Stress: Breaking the Cycle Behind Most Medical Problems
How to deal with stress, and what you can do
By Roni Deluz ND, RN, Ph.D
Did you know that up to 90% of all doctor visits are for issues related to stress? Why is this? How does stress affect the immune system, and what can be done to stay healthier?
The Relationship Between Stress and Hormones
The human body has many daily processes and they are usually governed by one hormone or the other. These hormones are secreted upon instruction from the brain and are produced when the brain senses a part of the body that needs to function. For example, when the body is in danger, a hormone is released. This instinctual process was very important in ancient times, to prevent humans from predators. Even though humans don’t currently have the same threats as they did in ancient times, the human brain can still sense the body is under attack by non-similar situations.
Examples of common stress situations
- Demanding boss or non-compliant employees
- Bad work schedule
- A difficult spouse
- Taking care of sick family member
- Poor sleep habits
- Negative friends
- Threatening situations in your business, job or home
When such stresses set in, the body produces two hormones on instruction from the brain – cortisol and adrenaline.
Adrenaline is the hormone that puts you in a perfect response situation to any attack. The hormone not only boosts your energy supplies and elevates your heart rate but increases the blood pressure too. On the other hand, cortisol shuts down all parts of the internal body that is not needed to take the entire body out of danger. The growth process and reproductive and digestive systems are suppressed. When stress “turns off” these functions, it can lead to a series of medical problems.
Top Medical Concerns Related to Stress
There are countless diseases whose origins can be traced back to stress. While some of these can be considered mild, there is a whole spectrum of them that are as life threatening as they come.
Heart Disease – when stress activates the production of cortisol, it leads to an elevation of the blood flow and blood pressure. When that happens, cholesterol and triglycerides get released into the bloodstream. This will in turn lead to a risk of heart disease. Should the stress levels stay high enough, it is only a matter of time before the heart becomes diseased.
Obesity – Again, this is a place where cortisol comes through. Even though obesity is linked with storing excess fats in certain parts of the body, such storage in the legs and hips are not as dangerous as the one in the belly. Stressed people have a higher level of cortisol which increases the rate and volume of fats stored in the lower abdomen.
Diabetes – A large percentage of stressed people are known to eat more when they are under pressure. When they do eat, it is never healthy food – and all that sugar/ junk food will influence their diabetic tendencies. On the other hand, stress has also been linked to elevated glucose levels of people who already have type 2 diabetes to deal with.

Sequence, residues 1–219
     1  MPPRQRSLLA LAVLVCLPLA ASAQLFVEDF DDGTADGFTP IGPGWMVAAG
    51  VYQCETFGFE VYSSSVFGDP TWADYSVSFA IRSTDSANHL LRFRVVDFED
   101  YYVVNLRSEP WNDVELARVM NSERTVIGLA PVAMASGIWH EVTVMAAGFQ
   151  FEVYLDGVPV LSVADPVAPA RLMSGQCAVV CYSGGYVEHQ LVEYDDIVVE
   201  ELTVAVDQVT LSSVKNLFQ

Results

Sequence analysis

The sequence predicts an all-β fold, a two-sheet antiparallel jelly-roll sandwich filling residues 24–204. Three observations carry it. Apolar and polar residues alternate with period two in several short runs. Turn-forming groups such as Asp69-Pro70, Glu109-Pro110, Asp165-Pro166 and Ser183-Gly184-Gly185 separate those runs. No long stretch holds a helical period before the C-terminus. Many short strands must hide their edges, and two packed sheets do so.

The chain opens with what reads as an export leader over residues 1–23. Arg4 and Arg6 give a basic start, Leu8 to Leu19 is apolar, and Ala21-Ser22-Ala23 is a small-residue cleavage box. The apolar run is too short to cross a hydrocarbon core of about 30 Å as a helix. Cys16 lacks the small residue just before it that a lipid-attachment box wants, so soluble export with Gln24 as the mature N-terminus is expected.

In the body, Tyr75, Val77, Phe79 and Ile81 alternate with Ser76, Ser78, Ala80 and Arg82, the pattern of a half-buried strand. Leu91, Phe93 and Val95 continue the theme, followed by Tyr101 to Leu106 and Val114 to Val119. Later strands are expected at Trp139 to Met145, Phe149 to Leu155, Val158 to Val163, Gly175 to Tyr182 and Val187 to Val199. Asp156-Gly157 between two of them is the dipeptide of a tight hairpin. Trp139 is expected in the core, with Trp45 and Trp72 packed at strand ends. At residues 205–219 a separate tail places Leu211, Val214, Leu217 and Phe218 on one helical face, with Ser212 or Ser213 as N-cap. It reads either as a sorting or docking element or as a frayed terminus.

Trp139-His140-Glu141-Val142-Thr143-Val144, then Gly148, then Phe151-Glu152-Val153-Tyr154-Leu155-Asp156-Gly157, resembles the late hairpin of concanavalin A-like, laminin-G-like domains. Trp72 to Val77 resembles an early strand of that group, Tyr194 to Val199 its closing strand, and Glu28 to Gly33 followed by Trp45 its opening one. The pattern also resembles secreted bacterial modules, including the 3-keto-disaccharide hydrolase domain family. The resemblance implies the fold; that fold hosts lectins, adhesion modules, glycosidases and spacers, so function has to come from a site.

Aging – Aging might not be a disease on its own, but accelerated aging surely is. Based on a study carried out on mothers, the group of mothers who were more stressed than the other group were discovered to age faster than the other group. To put things in context, between 9 – 17 years was added on to the chronological ages of the mothers who were under stress.
Headaches – It needs no telling that stress has been highly linked with headaches. It is also interesting to note that stress is not just an active ingredient in many tension headaches, but serious migraines as well.
How to Decrease Stress
Stress does not have to be a part of your daily life. Besides the poor effect it has on your health, it also puts a dent in your quality of life and relationships. Implement these easy tips.
Exercise – Even though it sounds contradictory, serious physical activity will help alleviate mental anxiety. This especially works if you exercise regularly.
Try supplements – Some supplements have been researched and backed by science to reduce stress and anxiety considerably. These are, but not limited to, Calm tea, B vitamins, Magnesium, omega-3 fatty acids and Lemon Balm.
Try a Health Coach – People who are under chronic stress do better with a Health or Wellness Coach for many reasons. A Health Coach program is built on behavioral changes and improvement in the quality of life.
Try Aromatherapy – My favorite essential oils for stress and relaxation are Lavender, Bergamot, Lemongrass and Neroli. These oils promote a sense of calmness when putting 3 to 5 drops of each in an aromatherapy infuser. You can also add these oils to Epsom salts and add it to your bath water. You can also use them one at a time.
Laugh – Sounds funny? Well, it is impossible to laugh and feel anxious at the same time. Once anxiety is eliminated, stress levels are almost instantly reduced. Watch a comedy show.
Avoid these things to start
What you put into your body could determine how high your stress levels could get. Here are just a few substances to avoid that can cause stress to the body.
Sugar – When you eat more sugar, your body releases more cortisol to manage it. Need we say more?
Artificial sweeteners – Even more dangerous than sugars are the artificial sweeteners. They are known to produce serious side effects like migraines, manic episodes and mood disorders, all of which can lead to stress.
Process White bread and Simple Carbs – Highly processed foods with little nutrition and high carbohydrates converts to sugar and toxicity that can create stress in the body.
Stress is about one of the most underrated causes of many serious ailments in the human body. You must make it a priority to reduce stress to prevent disease and accelerated aging. For more information visit www.drronideluz.com.